Scotty Bowman’s son should be applauded just for putting a winning team on the ice despite the roster overhaul in the off-season. Nine members of last spring’s Cup-winning Blackhawks team were either traded or unsigned, leaving Stan Bowman a lot of work to do without much wiggle room under the salary cap. Gone are the likes of Dustin Byfuglien, Kris Versteeg and Antti Niemi, but their replacements have performed just fine.
Bowman was forced to use a mixture of cheap veterans and rookies to fill out a top-heavy roster when it comes to talent. Marty Turco played well in net at the start (since overtaken by rookie Corey Crawford), while rookie defenseman Nick Leddy has taken advantage of the opportunities given to him. Bowman was able to keep the core further intact by re-signing Brent Seabrook to a five-year extension.
Bowman may not be the top candidate for GM of the Year, but he cannot be ignored due to his commendable job of staying under the cap and keeping the ‘Hawks in the win column.
Ray Shero, Pittsburgh Penguins
Pittsburgh’s Ray Shero is yet another GM that has been pushing a lot of the right buttons. Immediately after Sergei Gonchar left for Ottawa, Shero inked two of the top defensemen on the market during the frenzy – Paul Martin and Zbynek Michalek. Those two gave the Pens one of the best top five groups of blueliners prior to the trade of puck-mover Alex Goligoski.
Speaking of which; Shero made the gutsy move to deal Goligoski to Dallas for James Neal and Matt Niskanen. Neal, the centerpiece of the deal, hasn’t tallied a goal just yet, but has played well. Shero also took Alex Kovalev off Ottawa’s hands for a seventh-round draft pick. With Sidney Crosby out indefinitely and Evgeni Malkin done for the year, the Pens are hoping Neal and Kovalev can provide just enough offense to get past the first round.
Kris Letang’s contract extension is looking more and more like a bargain signing by Shero with each passing signing by other defensemen around the league. Letang, who has emerged as a Norris Trophy candidate, is making just $3.5 million a year through 2013-14.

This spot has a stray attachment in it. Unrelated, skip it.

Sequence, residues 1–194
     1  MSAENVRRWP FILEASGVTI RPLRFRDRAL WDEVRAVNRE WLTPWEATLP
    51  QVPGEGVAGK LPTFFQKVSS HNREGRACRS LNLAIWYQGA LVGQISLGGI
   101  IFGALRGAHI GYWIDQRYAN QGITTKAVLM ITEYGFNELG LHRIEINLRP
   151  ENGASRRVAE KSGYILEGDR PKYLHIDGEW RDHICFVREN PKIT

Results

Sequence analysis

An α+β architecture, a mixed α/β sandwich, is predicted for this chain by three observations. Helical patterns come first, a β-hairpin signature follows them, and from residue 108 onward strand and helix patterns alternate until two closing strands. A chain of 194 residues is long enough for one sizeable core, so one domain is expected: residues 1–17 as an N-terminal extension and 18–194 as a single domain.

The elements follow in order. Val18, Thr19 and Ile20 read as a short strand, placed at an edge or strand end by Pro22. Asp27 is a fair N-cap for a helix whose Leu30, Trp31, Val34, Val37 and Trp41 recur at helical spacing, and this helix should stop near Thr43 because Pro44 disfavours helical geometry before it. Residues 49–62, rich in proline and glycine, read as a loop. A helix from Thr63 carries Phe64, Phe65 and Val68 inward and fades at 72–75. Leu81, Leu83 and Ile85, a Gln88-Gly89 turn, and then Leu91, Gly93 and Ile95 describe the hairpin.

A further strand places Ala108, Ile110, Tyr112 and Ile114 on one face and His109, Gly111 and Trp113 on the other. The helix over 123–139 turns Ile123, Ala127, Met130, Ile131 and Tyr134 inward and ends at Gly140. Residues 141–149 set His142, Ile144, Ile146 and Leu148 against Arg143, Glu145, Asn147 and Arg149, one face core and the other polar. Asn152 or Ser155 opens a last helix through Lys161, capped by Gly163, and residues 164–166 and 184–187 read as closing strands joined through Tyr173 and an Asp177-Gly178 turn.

David Poile, Nashville Predators
Nominated last year for this very award, David Poile is once again raising some eyebrows. National media and pundits alike felt the losses of Jason Arnott and Hamhuis would be enough to keep the Preds out of the playoffs. However, Poile has surrounded the core with useful, inexpensive role players… which is vital in a market like Nashville.
It took time for Sergei Kostitsyn and Shane O’Brien to mesh into Barry Trotz’s system, but both have been key players for the Preds this season. It should be noted that Kostitsyn was signed as an RFA for just $550,000 last summer. The trade for Mike Fisher will help the team for more than just this stretch run. Also, Poile opted not to spend money on a veteran backup ‘tender; he instead went with Anders Lindback, who’s been great as a fill-in.
It seems like Poile does this every year, but I wouldn’t be surprised to see him once again get some recognition as the GM of the Year.
Photo credit: Getty Images
at 2:00 PM
Tauchen Sie in der Welt von blackjack online ein und lassen Sie sich mit online casino spielen vergnügen.